Title IX of the Education Amendments is a federal law that prohibits gender discrimination within federally-funded higher education institutions. Upon its enactment in 1972, the law was initially implemented as a mechanism to establish equal opportunities for women in intercollegiate sports. But in recent years, national conversations regarding Title IX unfailingly concern a more pervasive form of gender discrimination in higher education: sexual misconduct. As a consequence of numerous “call to actions,” unrelenting advocacy efforts, national movements, and an alarming rate of lawsuits, the guidelines for adjudicating complaints of sexual misconduct in Colorado colleges and universities today are more clear and immediate than ever.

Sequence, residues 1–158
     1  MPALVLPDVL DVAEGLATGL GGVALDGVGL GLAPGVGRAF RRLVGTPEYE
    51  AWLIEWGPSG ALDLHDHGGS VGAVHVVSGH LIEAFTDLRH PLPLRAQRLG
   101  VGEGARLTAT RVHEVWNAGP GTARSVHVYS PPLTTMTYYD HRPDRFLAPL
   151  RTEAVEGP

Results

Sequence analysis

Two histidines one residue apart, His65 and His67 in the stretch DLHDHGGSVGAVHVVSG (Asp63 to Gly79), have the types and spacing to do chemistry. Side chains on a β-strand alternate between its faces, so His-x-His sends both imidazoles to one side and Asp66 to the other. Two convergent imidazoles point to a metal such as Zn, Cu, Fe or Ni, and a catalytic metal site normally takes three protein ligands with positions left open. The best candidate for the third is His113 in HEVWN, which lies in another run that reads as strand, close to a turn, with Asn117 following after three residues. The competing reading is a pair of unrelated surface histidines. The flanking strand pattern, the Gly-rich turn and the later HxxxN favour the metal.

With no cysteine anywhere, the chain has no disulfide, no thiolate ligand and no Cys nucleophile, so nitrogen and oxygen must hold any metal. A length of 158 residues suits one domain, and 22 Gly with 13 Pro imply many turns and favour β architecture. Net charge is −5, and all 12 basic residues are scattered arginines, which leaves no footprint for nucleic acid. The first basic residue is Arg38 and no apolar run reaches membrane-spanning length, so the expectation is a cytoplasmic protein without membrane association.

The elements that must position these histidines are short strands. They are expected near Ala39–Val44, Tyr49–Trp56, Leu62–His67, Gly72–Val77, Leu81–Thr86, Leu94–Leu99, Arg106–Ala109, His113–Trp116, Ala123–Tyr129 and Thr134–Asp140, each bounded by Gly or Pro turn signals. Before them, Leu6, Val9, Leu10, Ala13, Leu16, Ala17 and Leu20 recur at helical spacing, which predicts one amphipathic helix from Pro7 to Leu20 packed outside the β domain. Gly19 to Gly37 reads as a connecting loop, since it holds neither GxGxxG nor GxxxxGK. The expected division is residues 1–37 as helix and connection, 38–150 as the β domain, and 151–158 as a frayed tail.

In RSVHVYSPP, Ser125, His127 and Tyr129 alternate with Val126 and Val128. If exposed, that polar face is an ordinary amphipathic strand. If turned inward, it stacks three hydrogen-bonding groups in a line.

Being accused - or formally known as a respondent - in a Title IX complaint alleging sexual misconduct is an uphill battle within itself. There's an unshakeable stigma that comes with this label that often warrants premature mistreatment and judgment far before due process is carried out. Being a student-athlete who happens to also be a respondent adds another layer of complexity to a whirlwind of a process. To successfully navigate the Title IX process as a student-athlete respondent, you absolutely need the help of an attorney-advisor. Here's why: